Why? Just why? If it ain’t broke, don’t fix it. This isn’t even playing over the end credits like the original did. While the original version of “Beauty and the Beast” hit straight for the Adult Contemporary market for which it was intended, this one targets a younger demographic. Who is that demographic though? On the one hand, it’s the post-millennials who love Grande and are familiar with Legend. On the other, it’s the millennial who saw the original in theaters. However, it sorely misses the mark.
First of all, their voices don’t mix well. Maybe part of it is the production. Legend’s vocal delivery is almost concerning. His articulation creates a very choppy sounding product, which is uncharacteristic for such a great vocalist. Grande on the other hand, sounds overproduced to a painful degree. It’s kind of like listening to Lea Michele’s material from Glee. Girlfriend can sing, but the producers don’t know how to produce a real singer.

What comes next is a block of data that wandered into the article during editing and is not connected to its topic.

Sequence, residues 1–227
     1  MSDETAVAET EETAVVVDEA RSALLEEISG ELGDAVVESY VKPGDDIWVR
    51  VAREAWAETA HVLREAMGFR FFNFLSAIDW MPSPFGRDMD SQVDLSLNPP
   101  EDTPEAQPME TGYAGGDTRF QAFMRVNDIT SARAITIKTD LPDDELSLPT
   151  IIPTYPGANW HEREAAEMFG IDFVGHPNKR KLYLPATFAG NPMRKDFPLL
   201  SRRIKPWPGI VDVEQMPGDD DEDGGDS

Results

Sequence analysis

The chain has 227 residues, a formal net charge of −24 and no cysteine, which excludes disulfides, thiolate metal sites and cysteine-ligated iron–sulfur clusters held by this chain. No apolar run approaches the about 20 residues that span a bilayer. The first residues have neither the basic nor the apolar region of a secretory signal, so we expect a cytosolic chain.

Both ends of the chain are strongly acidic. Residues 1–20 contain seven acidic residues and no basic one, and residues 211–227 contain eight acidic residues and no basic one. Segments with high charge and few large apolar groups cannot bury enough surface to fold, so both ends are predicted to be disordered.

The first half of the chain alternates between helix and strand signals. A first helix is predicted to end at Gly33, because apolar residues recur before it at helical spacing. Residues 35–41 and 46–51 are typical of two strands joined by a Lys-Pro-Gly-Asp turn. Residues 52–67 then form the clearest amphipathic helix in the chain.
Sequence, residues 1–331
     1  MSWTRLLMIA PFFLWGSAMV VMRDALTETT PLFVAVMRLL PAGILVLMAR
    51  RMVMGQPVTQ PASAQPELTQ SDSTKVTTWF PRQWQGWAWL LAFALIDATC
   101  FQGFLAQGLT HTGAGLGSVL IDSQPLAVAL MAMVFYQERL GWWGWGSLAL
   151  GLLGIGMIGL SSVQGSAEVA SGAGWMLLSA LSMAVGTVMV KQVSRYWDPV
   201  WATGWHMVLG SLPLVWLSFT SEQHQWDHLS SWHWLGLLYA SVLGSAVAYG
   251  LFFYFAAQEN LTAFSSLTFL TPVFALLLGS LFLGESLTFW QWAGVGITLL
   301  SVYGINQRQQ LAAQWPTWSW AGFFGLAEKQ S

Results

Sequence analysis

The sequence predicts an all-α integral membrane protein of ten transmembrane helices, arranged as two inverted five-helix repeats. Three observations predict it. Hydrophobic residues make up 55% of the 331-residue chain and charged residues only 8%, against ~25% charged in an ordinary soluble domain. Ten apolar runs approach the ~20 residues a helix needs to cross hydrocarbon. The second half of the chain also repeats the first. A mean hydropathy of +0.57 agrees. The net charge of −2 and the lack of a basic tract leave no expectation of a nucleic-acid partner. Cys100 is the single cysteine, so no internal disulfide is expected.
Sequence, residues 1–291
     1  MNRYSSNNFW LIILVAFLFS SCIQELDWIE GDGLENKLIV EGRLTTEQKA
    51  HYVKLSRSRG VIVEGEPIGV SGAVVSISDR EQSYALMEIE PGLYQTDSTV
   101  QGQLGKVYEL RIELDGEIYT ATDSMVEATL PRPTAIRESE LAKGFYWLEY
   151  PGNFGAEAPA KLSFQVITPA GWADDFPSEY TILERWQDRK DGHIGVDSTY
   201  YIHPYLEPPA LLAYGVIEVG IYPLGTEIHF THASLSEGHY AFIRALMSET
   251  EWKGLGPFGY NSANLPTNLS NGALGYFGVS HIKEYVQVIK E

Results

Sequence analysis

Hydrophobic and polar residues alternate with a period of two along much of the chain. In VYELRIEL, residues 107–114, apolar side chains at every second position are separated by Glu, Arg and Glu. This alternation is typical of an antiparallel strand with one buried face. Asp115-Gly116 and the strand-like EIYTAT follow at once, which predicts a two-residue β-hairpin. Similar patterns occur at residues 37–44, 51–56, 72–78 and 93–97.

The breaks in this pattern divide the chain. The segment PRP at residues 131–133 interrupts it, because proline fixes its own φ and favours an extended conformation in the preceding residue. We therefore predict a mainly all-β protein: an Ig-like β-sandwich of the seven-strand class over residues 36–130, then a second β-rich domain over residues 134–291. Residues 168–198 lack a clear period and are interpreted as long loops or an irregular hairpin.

Let’s not even get started on the instrumental track. That drum track sounds like it’s straight out of GarageBand, as do many aspects of this instrumental. Furthermore the mix is off and the instruments don’t sound unified, just like the voices. *An earlier version of this post implied that David Foster produced this song. We have since learned that Ron Fair is responsible for the production of this version of the song. For those who were also unaware, Walter Afanasieff produced the original Celine Dion version.*
Here’s to hoping Celine Dion’s new original song makes up to this mess.